However, while Curry is a climate scientist, she doesn't research the causes of global warming. She also has a history of exaggerating climate uncertainties. Her comments are inconsistent with the body of scientific research on the subject. Put simply, she is speaking outside her area of expertise, like a podiatrist giving advice on open heart surgery.

The 97 Percent Consensus is Evidence-Based

This is why there's a 97 percent consensus amongst climate experts and in the climate science literature that humans are causing global warming. The scientific evidence on this question is overwhelming.

Many commenters have noted that the expert consensus is itself not scientific evidence for human-caused global warming. That's true. The expert consensus is however based on the scientific evidence. The fact that 97 percent of climate experts agree on this subject also demonstrates the strength of the scientific evidence on human-caused global warming. And the strength of the evidence is why the IPCC is able to say with 95 percent confidence that humans are the main cause of the current global warming.

Intermediate rebuttal written by dana1981

Update July 2015:

Here is a related lecture-video from Denial101x - Making Sense of Climate Science Denial


This rebuttal was updated by Kyle Pressler in September 2021 to replace broken links. The updates are a result of our call for help published in May 2021.

Last updated on 11 July 2015 by MichaelK. View Archives

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Comments 1 to 8:

  1. Dogmatico @1 ,

    never have I encountered a bias or a website claiming to be "sceinctific" [sic]

    . . . perhaps you would be kind enough to explain (in English) ?

    So far, the readers here can have little (or low) confindence [sic] that you have any idea what you are on about.

  2. dogmatico @1,

    It can be stated that all that exists is the opinions that each person develops and the actions that they take.

    The future is the accumulated result of everyone's developed Opinions and Resulting Actions, including updating Opinions based on expanded awareness and improved understanding applied to help develop sustainable improvements for humanity.

    I await a thoughtful explanation of what is wrong with the content of this post on this website that this comment is made on "to help develop sustainable improvements for humanity".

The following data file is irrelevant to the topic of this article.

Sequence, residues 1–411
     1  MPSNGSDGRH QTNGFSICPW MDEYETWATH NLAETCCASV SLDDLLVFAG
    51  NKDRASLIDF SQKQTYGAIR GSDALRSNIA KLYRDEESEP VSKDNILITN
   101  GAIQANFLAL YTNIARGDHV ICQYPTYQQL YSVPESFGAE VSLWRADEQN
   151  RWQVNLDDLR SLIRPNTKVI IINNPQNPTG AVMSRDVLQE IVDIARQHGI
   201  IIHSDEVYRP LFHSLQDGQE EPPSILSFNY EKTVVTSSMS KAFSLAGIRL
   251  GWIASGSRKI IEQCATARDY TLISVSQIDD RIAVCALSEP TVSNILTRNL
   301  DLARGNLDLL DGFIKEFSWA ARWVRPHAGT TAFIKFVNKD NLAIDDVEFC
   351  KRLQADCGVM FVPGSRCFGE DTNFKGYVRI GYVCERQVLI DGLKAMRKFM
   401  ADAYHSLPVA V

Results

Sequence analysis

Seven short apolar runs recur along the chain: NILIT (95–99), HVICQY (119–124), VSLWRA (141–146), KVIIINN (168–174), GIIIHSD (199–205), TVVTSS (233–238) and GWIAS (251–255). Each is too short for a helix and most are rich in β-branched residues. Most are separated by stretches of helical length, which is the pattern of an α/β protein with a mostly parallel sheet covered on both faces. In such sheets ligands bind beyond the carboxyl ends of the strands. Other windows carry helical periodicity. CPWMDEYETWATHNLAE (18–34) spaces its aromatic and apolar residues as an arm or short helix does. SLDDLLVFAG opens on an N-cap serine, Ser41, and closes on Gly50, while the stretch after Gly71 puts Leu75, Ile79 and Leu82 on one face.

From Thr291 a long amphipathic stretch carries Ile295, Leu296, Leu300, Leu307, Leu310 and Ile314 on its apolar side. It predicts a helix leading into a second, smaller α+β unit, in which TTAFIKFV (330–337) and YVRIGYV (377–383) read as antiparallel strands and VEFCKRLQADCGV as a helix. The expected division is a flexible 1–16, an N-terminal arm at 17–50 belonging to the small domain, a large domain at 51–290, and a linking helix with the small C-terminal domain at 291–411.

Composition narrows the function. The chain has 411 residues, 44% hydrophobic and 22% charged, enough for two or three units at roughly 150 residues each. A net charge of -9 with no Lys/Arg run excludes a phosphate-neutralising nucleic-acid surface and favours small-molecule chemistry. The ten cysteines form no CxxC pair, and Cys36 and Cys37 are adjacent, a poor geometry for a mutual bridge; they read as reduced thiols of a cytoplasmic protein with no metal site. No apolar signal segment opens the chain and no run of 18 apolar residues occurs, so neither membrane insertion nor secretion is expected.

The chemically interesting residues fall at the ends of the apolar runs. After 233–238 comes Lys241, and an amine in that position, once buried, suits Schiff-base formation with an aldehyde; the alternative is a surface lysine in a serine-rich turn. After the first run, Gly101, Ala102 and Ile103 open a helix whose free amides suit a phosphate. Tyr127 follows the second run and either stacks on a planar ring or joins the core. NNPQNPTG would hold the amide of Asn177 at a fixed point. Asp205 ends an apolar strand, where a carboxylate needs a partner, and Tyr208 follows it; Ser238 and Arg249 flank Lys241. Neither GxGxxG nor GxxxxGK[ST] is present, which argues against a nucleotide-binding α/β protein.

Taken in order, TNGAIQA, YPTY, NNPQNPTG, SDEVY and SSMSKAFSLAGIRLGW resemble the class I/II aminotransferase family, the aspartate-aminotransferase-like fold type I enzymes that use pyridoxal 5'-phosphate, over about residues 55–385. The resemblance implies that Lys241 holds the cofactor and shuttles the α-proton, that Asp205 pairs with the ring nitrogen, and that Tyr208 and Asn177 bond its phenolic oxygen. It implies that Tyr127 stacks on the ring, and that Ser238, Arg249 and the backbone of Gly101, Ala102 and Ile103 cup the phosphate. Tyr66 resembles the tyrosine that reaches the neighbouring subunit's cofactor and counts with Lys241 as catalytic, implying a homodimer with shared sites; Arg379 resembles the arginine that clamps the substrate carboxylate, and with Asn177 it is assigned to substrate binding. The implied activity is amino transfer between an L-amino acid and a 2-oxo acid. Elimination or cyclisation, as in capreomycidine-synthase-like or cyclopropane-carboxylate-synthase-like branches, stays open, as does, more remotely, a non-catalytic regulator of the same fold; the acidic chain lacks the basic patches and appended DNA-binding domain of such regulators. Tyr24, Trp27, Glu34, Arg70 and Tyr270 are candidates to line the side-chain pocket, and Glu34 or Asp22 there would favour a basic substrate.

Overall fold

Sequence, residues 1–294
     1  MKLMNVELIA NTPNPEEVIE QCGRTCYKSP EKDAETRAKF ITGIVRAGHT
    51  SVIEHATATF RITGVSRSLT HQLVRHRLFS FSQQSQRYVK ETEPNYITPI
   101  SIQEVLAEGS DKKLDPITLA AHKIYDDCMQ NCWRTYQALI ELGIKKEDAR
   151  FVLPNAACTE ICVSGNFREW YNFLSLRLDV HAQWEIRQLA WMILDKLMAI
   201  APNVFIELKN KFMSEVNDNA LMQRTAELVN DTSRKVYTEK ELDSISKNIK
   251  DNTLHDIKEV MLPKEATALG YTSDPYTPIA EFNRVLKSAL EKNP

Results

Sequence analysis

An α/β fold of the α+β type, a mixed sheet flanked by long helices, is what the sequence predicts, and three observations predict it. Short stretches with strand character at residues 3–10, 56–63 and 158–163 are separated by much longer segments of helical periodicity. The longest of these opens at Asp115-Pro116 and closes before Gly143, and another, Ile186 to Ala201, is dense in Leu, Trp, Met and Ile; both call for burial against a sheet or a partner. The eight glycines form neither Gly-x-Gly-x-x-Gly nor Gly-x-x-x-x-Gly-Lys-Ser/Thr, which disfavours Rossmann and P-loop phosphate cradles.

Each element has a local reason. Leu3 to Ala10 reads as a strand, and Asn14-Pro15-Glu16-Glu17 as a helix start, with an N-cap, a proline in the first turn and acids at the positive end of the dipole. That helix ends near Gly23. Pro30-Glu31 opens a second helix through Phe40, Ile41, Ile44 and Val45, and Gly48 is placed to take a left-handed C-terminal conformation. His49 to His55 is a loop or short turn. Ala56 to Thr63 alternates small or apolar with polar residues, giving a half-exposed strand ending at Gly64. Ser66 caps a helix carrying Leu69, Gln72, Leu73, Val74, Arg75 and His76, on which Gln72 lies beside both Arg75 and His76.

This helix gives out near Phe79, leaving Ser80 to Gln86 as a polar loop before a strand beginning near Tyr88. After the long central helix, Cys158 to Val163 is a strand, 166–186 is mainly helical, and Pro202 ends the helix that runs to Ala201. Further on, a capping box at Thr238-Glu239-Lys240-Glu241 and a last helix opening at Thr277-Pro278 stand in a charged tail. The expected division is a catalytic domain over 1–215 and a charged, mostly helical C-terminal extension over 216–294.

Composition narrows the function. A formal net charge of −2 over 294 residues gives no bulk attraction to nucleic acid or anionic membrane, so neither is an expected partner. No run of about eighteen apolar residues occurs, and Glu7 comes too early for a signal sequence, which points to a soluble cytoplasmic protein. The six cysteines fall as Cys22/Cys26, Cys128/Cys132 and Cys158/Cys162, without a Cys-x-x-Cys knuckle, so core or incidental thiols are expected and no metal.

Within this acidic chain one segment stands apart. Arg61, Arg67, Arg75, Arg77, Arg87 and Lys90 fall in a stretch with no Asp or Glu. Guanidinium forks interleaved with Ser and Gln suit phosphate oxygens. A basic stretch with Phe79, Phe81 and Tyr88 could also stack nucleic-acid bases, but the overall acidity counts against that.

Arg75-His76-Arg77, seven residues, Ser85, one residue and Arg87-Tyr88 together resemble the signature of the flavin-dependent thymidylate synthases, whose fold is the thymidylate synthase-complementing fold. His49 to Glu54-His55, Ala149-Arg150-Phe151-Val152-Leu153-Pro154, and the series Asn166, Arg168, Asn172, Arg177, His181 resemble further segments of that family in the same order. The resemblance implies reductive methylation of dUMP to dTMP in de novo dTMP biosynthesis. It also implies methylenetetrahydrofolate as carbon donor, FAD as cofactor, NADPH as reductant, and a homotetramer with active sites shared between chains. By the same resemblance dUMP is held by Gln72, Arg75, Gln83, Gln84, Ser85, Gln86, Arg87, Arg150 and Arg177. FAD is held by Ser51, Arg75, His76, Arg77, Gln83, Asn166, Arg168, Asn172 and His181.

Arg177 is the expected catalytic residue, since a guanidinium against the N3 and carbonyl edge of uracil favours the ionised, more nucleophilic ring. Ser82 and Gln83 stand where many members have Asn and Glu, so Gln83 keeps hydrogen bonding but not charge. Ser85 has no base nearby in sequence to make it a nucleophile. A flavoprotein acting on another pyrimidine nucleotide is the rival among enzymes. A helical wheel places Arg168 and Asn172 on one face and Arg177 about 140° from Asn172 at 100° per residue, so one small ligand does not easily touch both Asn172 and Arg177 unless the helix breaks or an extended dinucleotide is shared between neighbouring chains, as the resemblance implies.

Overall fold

3. Judith Curry is correct. Science is not group think. The percentage of practitioners who agree with a theory is not the confidence interval that it is correct. Consider the so called scientific communities acceptance of Copernicus and Galileo.

  4. @3

    Yes this is true, however.... you will make a big Non Sequitur logic fallacy if you think that is what happened with climate science.

    In fact the confidence came first and then when the confidence interval was high enough for years and years and every counter explanation of the evidence falsified, that finally consensus emerged.

  5. If Galileo's contemporaries had developed their own instruments similar to his, repeated his observations, replicated his results, reached his conclusions through multiple independents lines of inquiries, there would have been a scientific consensus in no time. Of course, in the time of Galileo, science was more like philosophy and had severe social constraints emanating from the religious power structures, who would not let one challenge their authority so easily. So the consensus that existed at the time was by no means a scientific consensus, but a mish mash of superstition, dogmatism, conformism, social control, politics etc.

    The difference is glaringly obvious, and anyone with basic critical thinking skills can see through the fallacy. 

    A scientific consensus does not consist of a bunch of people getting together to pat each other on the back for agreeing with all the rest of them. It consists of multiple independent teams working hard, double checking their results, submitting them to highly critical peers who will try their hardest to find flaws in their work, and independently reaching the same conclusions. A scientific consensus is not similar opinions across the board, it is persistent convergence of research results. That is what an examination of the scientific litterature will show.

  6. Deplore This @3,

    As set out by Philippe Chantreau @5, in the time of Galileo there wasn't much of a process which could be today called a "scientific community's acceptance" to allow us to understand how far Galileo's contemparies accepted his work. All we hear is that the Pope famously got very 'trumpy' with his work. But if you roll the clock on 50 years and you find the likes of 'Entretiens sur la pluralité des mondes' or 'Philosophiæ Naturalis Principia Mathematica' so in 50 years there was established complete acceptance.

    And so for comprison, 50 years on from, say, the likes of John Sawyer setting out the scientific case for saying:-

    "The increase of 25% CO2 expected by the end of the century therefore corresponds to an increase of 0.6 °C in the world temperature – an amount somewhat greater than the climatic variation of recent centuries."

    50 years on we see there is a very strong consensus that such a finding is correct. And spelling-wise, "Judith Curry" is correct although so much of what she writes about climate change is unsubstatiated nonsense.

  7. Very well expressed, Philippe and MA Rodger.

    What is the probability that the poster @3 will return to admit his mistake in logical thinking?    Or will he fall back and use Curry's technique of vague rhetorical blather ~ so sadly deficient in critical analysis.

  8. “We don’t look for absolute proof, as that can never really exist in science, we look for what the preponderance of evidence tells us. There is no absolute proof for Gravity, Evolution, Quantum Mechanics, Particle Physics, insert your discipline of choice. There is only what the weight of evidence tells us. Climatology is no different.”